I took a look at this
message thread, and Jetta48
's response in it, which was to ask for information on how to reproduce the issue.
In many cases, when you are dealing with a support issue over the phone or via email (or a forum), you have no idea what the customer is seeing on the screen, they use their own unique vocabulary to describe things, etc. Without being able to remote in, it can be pretty difficult to determine exactly what a problem is, especially when talking about user interface elements, as opposed to something fairly concrete like an error message and the events leading up to it, presented in a step-by-step fashion. Jetta48's reply attempting to get more information from the user seems to be the correct approach to me.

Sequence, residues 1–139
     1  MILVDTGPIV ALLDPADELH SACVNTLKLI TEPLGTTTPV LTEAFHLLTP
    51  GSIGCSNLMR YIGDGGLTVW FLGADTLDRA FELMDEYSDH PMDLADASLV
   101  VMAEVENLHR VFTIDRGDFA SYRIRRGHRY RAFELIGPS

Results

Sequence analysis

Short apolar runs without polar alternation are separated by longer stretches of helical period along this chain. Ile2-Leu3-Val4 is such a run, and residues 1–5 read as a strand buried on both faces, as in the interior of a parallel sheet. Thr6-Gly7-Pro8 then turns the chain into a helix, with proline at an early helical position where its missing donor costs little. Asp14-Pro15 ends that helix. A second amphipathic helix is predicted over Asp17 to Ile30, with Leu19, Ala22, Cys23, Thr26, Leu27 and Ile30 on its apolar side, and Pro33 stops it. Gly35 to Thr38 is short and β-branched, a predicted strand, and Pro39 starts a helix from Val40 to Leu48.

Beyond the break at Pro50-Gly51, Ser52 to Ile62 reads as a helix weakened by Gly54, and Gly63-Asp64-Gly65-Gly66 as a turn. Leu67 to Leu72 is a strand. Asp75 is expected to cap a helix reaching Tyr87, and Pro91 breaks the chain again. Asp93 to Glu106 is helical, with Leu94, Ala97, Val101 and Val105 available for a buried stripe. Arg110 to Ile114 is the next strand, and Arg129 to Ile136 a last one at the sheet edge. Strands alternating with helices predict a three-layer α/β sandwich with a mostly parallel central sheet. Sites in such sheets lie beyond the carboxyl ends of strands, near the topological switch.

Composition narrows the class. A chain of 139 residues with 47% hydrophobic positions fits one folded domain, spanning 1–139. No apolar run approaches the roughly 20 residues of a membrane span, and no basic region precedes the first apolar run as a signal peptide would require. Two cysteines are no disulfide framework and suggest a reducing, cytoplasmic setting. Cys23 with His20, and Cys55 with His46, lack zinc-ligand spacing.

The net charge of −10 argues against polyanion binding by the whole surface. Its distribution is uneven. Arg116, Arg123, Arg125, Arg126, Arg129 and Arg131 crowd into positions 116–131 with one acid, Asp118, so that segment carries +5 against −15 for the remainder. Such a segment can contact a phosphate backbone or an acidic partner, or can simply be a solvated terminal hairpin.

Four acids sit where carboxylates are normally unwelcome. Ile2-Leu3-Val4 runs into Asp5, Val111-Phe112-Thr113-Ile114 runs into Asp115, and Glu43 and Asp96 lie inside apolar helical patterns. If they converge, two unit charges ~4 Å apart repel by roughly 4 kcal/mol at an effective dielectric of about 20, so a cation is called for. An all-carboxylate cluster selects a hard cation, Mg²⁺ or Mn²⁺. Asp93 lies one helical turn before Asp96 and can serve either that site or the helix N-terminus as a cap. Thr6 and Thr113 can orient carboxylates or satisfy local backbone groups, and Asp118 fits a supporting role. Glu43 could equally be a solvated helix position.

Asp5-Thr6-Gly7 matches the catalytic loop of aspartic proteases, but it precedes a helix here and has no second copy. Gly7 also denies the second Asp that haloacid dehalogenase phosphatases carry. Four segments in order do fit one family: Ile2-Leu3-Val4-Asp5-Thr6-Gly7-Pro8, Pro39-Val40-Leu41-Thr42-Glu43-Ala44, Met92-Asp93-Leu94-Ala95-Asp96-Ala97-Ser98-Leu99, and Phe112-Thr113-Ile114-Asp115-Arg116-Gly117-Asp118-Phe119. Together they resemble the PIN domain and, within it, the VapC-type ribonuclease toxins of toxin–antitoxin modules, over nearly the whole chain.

I became a Microsoft MVP at the beginning of 2005. At that point, I had spent 20 hours/week for three years on a third-party support forum helping answer questions there, as well as being an active contributor on about a dozen mailing lists (maybe another 10-15 hours a week) going back to the early 1990s. So, basically, what Microsoft is looking for is several years of consistently providing good advice.
It's a baffling design choice. I normally use a darker color scheme, but had to give them up for my Windows 8 virtual machines.
EDIT: What exactly does it take to become an MVP? If it's anything more than writing your name on a piece of paper and sending it to Microsoft, that guy might have cheated.